On a cold winter morning in January of 1851, a small group of people approached the monumental fa ade of an ancient rock-cut burial cave located north of the Old City of Jerusalem. The team, consisting of two Europeans and a number of local workers, was led by Louis-F licien Caignart de Saulcy--descendant of a noble Flemish family who later was to become a distinguished member of the French parliament. As an amateur archaeologist and a devout Catholic, de Saulcy was attracted to the Holy Land and Jerusalem in particular and was obsessed by his desire to uncover some tangible evidence for the city's glorious past. However, unlike numerous other European pilgrims, researchers and adventurers before him, de Saulcy was determined to expose the evidence by physically excavating ancient sites. His first object of investigation constitutes one of the most attractive and mysterious monumental burial caves within the vicinity of the Old City, from then onward to be referred to as the "Tomb of the Kings" (Kubur al-Muluk). By conducting an archaeological investigation, de Saulcy tried to prove that this complex represented no less than the monumental sepulcher of the biblical Davidic Dynasty. His brief exploration of the burial complex in 1851 led to the discovery of several ancient artifacts, including sizeable marble fragments of one or several sarcophagi. It would take him another 13 years to raise the funds for a more comprehensive investigation of the site. On November 17, 1863, de Saulcy returned to Jerusalem with a larger team to initiate what would later be referred to as the first archaeological excavation to be conducted in the city.--(from the "Preface")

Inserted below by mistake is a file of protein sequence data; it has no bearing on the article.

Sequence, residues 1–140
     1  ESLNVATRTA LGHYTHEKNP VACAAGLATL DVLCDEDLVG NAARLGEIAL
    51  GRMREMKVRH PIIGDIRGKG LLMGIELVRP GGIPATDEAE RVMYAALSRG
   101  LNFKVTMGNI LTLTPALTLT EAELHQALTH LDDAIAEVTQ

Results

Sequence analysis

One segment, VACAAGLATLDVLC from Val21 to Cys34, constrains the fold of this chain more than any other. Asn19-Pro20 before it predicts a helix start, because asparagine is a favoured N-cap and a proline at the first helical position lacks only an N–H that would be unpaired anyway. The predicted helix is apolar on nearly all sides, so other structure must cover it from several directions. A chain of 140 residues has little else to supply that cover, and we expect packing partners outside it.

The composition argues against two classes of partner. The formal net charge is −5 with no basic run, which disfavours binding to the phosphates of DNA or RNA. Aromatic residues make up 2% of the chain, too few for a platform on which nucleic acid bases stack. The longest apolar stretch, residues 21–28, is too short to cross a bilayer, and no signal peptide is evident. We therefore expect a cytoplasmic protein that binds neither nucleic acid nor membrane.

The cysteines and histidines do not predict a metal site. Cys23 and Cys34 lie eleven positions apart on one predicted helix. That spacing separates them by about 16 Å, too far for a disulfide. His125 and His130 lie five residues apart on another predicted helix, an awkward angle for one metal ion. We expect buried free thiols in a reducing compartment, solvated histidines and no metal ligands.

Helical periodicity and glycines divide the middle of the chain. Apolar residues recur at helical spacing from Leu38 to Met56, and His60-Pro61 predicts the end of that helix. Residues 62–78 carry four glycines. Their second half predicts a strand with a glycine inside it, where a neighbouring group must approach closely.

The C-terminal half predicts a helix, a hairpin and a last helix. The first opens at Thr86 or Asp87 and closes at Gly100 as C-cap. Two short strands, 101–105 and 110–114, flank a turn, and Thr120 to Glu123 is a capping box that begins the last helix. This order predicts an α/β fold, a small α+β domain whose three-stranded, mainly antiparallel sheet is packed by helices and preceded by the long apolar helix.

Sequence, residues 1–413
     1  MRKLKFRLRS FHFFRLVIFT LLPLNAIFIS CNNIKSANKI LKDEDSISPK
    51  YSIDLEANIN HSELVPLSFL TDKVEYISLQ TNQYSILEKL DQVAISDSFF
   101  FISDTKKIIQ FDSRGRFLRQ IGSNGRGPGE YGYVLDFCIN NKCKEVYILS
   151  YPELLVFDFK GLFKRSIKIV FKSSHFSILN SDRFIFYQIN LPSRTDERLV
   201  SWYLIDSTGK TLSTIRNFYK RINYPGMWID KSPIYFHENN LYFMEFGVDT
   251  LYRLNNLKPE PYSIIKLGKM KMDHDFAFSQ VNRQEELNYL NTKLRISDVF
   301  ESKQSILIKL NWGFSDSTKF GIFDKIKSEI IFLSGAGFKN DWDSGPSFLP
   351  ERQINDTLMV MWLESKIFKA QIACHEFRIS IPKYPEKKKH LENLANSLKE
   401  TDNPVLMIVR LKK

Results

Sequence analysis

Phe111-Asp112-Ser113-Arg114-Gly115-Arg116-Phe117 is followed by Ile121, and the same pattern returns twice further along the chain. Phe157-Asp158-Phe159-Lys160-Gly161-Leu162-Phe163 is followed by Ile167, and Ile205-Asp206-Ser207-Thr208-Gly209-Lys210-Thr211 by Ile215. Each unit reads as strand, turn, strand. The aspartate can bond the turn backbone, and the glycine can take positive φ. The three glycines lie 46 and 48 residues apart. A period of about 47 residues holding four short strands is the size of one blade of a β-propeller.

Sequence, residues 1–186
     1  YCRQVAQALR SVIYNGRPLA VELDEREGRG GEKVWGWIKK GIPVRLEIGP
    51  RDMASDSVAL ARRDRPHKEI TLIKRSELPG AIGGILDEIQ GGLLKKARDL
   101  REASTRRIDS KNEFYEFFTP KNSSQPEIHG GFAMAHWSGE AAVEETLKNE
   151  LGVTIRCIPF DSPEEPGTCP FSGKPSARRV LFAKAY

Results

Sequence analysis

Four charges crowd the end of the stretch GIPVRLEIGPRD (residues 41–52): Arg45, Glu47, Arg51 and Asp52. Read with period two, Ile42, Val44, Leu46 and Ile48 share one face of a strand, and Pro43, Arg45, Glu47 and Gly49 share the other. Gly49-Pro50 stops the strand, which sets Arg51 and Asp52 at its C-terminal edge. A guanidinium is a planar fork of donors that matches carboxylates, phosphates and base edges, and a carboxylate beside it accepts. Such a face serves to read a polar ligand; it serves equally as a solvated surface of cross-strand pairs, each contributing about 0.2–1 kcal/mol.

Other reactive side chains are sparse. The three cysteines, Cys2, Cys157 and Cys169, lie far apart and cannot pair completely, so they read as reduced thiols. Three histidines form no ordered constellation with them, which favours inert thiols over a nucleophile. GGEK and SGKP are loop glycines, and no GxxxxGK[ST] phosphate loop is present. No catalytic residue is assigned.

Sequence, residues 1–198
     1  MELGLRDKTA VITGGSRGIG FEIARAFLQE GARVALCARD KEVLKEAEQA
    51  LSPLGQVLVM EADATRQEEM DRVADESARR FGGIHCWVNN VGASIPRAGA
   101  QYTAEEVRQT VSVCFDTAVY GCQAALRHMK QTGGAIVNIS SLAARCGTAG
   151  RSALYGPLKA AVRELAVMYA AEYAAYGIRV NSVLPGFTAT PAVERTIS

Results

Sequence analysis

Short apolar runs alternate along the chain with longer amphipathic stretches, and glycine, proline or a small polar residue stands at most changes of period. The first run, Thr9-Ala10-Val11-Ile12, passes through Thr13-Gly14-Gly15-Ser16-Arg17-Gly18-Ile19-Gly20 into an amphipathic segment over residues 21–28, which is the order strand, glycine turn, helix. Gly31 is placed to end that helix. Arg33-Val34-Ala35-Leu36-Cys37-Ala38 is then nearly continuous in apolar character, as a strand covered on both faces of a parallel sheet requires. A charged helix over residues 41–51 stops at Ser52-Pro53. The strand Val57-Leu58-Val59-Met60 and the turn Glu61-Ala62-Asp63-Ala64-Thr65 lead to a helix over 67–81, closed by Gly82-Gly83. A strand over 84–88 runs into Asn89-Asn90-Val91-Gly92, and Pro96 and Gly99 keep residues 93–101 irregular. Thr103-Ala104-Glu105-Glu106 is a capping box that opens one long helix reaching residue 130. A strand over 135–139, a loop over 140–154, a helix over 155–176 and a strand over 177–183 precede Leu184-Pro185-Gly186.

In 2006, some two dozen contemporary archaeologists and historians met at Brown University, in Providence RI, to present papers and illustrations marking the 150th anniversary of modern archaeological exploration of the Holy City. The papers from that conference are published here, presented in 5 major sections: (1) The History of Research, (2) From Early Humans to the Iron Age, (3) The Roman Period, (4) The Byzantine Period, and (5) The Early Islamic and Medieval Periods. The volume is heavily illustrated with materials from historical archives as well as from contemporary excavations. It provides a helpful and informative introduction to the history of the various national and religious organizations that have sponsored excavations in the Holy Land and Jerusalem in particular, as well as a summary of the current status of excavations in Jerusalem.
Number of pages: 512
Weight: 1315 g
Dimensions: 254 x 178 x 42 mm
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